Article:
FLASHBACK: Why did Rosenstein really enlist hundreds of attorneys in the Kavanaugh vetting process?
In Unprecedented Move, Rosenstein Asks 100s Of Prosecutors To Review SCOTUS Pick’s Records
In a somewhat unprecedented move, Deputy AG Rod Rosenstein has asked the offices of all 93 U.S. attorneys to each provide up to three federal prosecutors to assist the Justice Department in reviewing government records of President Trump’s Supreme Court nominee Brett Kavanaugh.
Even The New York Times admits this move is “an unusual insertion of politics into federal law enforcement.”
While the Justice Department has helped work on previous Supreme Court nominations, department lawyers in Washington typically carry out that task, not prosecutors who pursue criminal investigations nationwide.
Mr. Rosenstein’s email, which had the subject line “Personal Message to U.S. Attorneys From the Deputy A.G.,” included the sentence, “We need your help in connection with President Trump’s nomination of Judge Brett Kavanaugh to serve on the Supreme Court.”
Former law enforcement officials told the Times that Rosenstein’s request is troubling.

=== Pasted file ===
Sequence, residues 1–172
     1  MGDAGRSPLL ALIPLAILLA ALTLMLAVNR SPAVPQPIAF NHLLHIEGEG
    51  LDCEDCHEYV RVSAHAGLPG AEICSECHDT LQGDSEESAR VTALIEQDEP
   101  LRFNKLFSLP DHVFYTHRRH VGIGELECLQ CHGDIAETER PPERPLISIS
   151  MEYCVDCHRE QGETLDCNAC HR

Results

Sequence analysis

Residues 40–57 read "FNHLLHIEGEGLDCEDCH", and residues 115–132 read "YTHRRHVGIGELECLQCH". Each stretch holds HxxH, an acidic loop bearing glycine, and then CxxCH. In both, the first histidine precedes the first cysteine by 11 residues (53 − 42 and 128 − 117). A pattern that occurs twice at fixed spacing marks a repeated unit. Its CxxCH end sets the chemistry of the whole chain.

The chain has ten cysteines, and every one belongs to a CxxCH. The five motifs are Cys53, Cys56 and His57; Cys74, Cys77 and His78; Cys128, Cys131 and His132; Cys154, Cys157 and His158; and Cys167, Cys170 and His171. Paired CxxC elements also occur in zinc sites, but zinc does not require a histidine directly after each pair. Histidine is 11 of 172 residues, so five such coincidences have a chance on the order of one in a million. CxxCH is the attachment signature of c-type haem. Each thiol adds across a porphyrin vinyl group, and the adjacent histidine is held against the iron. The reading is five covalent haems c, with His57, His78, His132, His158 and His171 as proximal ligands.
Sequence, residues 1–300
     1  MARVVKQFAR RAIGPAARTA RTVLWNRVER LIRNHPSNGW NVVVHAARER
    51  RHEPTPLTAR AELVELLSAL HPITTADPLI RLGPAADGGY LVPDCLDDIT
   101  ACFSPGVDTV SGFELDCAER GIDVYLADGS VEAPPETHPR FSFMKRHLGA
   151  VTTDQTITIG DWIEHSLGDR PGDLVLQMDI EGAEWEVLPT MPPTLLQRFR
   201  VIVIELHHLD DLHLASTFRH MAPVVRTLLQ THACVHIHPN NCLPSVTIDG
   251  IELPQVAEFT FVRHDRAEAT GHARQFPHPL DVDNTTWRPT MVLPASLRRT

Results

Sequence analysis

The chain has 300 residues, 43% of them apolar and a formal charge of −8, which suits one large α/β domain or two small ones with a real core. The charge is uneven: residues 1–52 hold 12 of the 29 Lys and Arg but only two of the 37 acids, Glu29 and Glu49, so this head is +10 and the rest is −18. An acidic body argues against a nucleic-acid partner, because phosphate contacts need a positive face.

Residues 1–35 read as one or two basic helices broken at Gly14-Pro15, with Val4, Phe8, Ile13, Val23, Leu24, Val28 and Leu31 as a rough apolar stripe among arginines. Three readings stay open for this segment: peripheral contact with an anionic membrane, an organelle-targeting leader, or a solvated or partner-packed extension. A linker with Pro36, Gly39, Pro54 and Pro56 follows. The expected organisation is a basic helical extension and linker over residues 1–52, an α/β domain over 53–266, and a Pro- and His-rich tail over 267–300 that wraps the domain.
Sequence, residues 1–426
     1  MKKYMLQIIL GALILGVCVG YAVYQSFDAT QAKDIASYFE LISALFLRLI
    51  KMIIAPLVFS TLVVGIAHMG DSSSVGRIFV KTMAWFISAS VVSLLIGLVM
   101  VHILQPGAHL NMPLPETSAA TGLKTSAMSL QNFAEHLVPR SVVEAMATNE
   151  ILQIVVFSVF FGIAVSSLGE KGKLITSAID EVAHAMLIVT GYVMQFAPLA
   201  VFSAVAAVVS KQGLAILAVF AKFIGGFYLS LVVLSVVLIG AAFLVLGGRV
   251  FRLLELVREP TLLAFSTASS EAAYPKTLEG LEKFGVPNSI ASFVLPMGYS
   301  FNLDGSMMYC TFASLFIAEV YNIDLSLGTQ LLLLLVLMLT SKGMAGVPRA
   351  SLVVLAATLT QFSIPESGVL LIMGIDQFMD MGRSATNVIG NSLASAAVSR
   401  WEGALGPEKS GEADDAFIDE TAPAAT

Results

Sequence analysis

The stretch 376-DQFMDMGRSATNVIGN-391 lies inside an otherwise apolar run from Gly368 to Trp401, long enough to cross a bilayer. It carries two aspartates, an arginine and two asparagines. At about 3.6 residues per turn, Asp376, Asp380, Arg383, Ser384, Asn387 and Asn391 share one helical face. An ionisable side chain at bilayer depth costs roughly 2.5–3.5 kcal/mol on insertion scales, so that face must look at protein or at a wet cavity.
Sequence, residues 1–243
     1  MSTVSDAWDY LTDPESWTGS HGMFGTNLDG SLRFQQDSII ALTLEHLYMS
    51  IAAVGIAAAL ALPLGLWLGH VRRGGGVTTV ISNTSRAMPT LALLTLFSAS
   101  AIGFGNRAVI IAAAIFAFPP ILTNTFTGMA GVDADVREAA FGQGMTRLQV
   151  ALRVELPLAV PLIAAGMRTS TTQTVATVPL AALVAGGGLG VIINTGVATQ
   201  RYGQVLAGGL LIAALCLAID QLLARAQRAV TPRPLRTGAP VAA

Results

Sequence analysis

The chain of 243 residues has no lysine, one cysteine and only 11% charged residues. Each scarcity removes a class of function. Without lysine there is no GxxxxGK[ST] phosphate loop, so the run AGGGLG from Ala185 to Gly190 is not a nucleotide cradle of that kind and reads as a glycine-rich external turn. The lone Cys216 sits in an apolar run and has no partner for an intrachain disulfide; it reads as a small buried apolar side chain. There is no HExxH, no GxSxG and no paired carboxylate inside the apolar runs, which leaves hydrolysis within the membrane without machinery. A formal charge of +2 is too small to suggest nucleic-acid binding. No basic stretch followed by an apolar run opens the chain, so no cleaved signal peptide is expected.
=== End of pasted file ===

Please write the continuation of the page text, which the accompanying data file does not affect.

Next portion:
“It’s flat-out wrong to have career federal prosecutors engaged in a political process like the vetting of a Supreme Court nominee. It takes them away from the mission they’re supposed to be fulfilling, which is effective criminal justice enforcement,” Christopher Hunter, a former F.B.I. agent and federal prosecutor for almost 11 years, told the publication.
But Michael Zubrensky, a former Justice Department lawyer who oversaw the agency’s Office of Legal Policy, said Kavanaugh’s long paper trail could be the reason for Rosenstein’s request.
Sarah Isgur Flores, spokeswoman for the Department of Justice, told the Times that prosecutors have been used in the past to vet Supreme Court nominees. “[T]he scope of the production of executive branch documents we’ve been asked for is many, many times as large,” she said.
Rosenstein also wrote that he would need the equivalent of 100 full-time attorneys to work on the nominee’s confirmation hearing.
As The Hill notes, Kavanaugh previously worked for President George W. Bush’s administration, as well as for the investigation led by Kenneth Starr of former President Clinton. He left a lengthy paper trail that Democrats and outside groups opposed to his nomination are likely to search through for arguments against his confirmation.
Rosenstein has faced pressure from congressional Republicans over his role in overseeing special counsel Robert Mueller’s investigation. Democrats have raised the Mueller probe in the context of Kavanaugh’s nomination, arguing that he should not be confirmed because he could end up making decisions on the probe itself.